By now it shouldn’t be any surprise that I oppose the decision by the Federal Communications Commission to approve Ligado Networks’ application to repurpose low-band spectrum for a terrestrial commercial network that will interfere with GPS and satellite communications signals.
What is surprising, however, is that after my push to dispel the Ligado lies, Ligado still has investors willing to bet big on them.
In October, the Wall Street Journal reported that Ligado, which went bankrupt in 2012 after a failed effort to repurpose its spectrum, needed to refinance $4 billion in debt to prevent bankruptcy, and gave plum offerings and high returns to hedge fund investors to do so. Having survived one bankruptcy, Ligado will do anything to make sure its Wall Street hedge fund and private equity investors make money — even when it would jeopardize the signals supporting our national and economic security that Americans rely on every day.
Ligado has an agenda — and it’s a scary one. Just think about what activities GPS and satellite communications signals support across the nation. Our troops rely on them for equipment used on the battlefield, farmers rely on them to harvest their crops, and truckers and airlines rely on them to move supplies and people safely; the list goes on and on.
Since its decision, made on a Sunday in April, I’ve been sounding the alarm, and Ligado has been spending tons of cash on lobbyists to try and silence me. So far in 2020, Ligado has spent more than $3 million to lobby members of Congress. And while it has been busy trying to block my efforts to undo the FCC’s decision, my expectation is that Ligado has not communicated to its investors the massive risks they face.
That’s why I’m writing here. For anyone considering an investment in Ligado, I have a free piece of advice: buyer beware.
Sure, the FCC approved the Ligado order back in April, but there are eight separate petitions to reconsider the order pending right now. They are signed by 22 private sector organizations and 14 federal agencies represented by the National Telecommunications and Information Administration, or NTIA. I believe these petitions will be successful in completely repealing Ligado’s permission slip to create interference. Even if they are not, there are three additional strikes that should make any investor fear for their investment.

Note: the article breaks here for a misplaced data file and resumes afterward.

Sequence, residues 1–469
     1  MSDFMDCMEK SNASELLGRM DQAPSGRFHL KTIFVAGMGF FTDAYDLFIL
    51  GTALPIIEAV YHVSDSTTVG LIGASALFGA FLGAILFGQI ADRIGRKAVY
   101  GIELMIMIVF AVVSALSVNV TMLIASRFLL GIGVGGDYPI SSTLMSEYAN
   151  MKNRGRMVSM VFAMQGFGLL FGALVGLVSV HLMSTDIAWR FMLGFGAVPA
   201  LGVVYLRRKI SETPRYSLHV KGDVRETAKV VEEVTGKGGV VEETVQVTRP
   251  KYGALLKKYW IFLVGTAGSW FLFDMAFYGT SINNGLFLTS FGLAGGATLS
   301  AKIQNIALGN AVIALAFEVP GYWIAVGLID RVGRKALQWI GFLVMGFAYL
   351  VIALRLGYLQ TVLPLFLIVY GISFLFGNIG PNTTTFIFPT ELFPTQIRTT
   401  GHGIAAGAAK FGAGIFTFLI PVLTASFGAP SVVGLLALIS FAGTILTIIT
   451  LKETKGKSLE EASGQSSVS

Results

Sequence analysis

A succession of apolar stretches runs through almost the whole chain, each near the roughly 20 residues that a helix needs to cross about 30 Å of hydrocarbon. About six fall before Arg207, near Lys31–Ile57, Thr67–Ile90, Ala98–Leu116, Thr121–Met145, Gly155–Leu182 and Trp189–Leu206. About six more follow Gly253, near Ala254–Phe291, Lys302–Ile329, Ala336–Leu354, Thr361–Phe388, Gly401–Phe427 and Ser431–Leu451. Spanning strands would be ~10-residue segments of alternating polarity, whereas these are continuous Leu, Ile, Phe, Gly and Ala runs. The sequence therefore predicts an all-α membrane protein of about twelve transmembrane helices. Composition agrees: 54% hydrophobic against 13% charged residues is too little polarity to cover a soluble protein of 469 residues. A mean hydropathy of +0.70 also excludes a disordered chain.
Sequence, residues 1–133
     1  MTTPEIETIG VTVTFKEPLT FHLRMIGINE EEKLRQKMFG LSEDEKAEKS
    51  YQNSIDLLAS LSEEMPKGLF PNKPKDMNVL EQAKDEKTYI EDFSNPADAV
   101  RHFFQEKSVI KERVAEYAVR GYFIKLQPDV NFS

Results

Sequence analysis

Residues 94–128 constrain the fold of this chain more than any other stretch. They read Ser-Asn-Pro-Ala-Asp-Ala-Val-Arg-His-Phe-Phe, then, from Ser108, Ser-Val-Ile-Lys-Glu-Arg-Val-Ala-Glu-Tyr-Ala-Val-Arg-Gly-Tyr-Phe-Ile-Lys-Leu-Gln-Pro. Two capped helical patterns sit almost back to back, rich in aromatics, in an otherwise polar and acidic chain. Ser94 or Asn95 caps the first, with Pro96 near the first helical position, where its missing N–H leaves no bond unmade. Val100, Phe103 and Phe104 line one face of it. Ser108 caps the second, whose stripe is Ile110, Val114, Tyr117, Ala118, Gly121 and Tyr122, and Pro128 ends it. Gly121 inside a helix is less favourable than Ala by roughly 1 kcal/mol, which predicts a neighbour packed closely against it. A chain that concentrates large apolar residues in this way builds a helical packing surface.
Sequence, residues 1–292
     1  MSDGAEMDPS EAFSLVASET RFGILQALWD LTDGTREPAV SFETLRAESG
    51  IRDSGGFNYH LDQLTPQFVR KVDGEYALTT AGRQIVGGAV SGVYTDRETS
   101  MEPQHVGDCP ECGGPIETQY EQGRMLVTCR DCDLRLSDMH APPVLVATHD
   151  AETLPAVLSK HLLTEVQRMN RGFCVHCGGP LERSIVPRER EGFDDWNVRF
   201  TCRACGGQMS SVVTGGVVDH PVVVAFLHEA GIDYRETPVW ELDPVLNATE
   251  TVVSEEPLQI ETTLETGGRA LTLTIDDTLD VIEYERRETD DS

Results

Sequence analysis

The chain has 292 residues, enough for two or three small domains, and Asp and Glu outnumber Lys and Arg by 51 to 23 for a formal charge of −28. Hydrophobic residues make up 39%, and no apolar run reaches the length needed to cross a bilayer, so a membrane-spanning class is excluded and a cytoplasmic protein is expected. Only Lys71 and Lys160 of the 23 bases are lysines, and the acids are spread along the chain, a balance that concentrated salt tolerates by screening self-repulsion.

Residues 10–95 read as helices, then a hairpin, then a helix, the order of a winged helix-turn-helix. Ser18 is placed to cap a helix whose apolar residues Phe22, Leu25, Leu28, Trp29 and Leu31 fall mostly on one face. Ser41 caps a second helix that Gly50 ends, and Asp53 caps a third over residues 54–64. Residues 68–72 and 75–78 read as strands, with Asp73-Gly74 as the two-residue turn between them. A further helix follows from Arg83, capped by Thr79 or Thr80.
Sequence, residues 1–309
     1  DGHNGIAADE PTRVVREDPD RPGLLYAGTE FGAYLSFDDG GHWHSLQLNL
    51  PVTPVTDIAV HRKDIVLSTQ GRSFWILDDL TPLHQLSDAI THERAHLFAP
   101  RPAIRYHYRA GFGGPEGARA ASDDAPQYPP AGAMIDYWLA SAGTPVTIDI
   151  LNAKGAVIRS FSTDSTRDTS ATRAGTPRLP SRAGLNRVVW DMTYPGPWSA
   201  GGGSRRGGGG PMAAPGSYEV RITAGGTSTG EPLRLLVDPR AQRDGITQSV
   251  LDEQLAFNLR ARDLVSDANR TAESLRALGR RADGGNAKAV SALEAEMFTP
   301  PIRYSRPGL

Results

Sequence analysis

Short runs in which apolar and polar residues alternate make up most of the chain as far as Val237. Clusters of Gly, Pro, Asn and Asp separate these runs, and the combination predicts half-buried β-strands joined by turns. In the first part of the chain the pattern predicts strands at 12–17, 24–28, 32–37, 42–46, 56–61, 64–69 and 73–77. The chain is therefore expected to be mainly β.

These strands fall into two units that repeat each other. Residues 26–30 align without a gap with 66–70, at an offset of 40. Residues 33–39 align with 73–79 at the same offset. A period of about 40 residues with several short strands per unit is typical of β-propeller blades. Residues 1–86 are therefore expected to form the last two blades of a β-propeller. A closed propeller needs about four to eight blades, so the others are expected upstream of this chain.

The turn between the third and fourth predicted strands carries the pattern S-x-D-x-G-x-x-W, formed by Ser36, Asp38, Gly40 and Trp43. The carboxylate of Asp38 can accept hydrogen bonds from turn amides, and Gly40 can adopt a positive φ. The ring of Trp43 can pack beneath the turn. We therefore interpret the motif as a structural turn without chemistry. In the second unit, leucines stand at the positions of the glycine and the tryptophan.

Ligado’s plan will be detrimental to our nation’s GPS and everything that relies on it. Ligado has claimed the three major GPS manufacturers (Trimble, Garmin and Deere) support Ligado’s plans, pointing to settlement agreements signed in 2015. In fact, these settlement agreements were to resolve lawsuits filed by Ligado! Each GPS manufacturer has publicly stated its settlement agreement is not an endorsement of what Ligado wants to do, nor can it be used as evidence that Ligado will not cause interference to the GPS devices it manufactures. Strike one.
The Department of Defense has reported it could cost billions to upgrade, repair or replace the equipment and systems impacted by Ligado’s plan, but the DoD does not have the money to do that and it shouldn’t be forced to spend taxpayer money to fix problems Ligado causes. That’s why I authored provisions in this year’s annual defense bill that would make it clear: By law, the DoD will not be on the hook for the damages Ligado causes to its equipment and systems.
Furthermore, Ligado — and any other company that may seek to purchase Ligado — is prohibited from contracting with the DoD if they cause interference with the important signals used by the DoD’s equipment and systems. As of this writing, the defense bill has passed both the House and Senate with broad, bipartisan majorities. It will shortly become law. Strike two.
Finally, the Senate confirmed Nathan Simington to the FCC. Simington is the right choice for the FCC. He supports overhauling Section 230 of the Communications Decency Act to end Big Tech’s censorship of conservative voices on social media platforms. He most recently served as an adviser at the NTIA, which has coordinated all the federal agencies’ efforts to articulate the dangers of Ligado’s plan, including in filings with the FCC. He appreciates that in approving the Ligado order in April, the FCC steamrolled over objections from 14 separate government agencies — all responsible for ensuring safety-of-life operations dependent on GPS and satellite communication signals.
Nathan Simington knows the process was broken and will make sure the FCC does a better job of engaging with federal agencies in the future. Strike three for Ligado’s future.
Investors need to decide for themselves if they can trust Ligado’s future viability — but I doubt it has been forthcoming about the reality of what’s happening in Washington. If it has not disclosed these three strikes, what else might it be hiding? Three strikes should be enough to show investors that they shouldn’t trust Ligado with any more capital.
Sen. Jim Inhofe, R-Okla., is chairman of the Senate Armed Services Committee.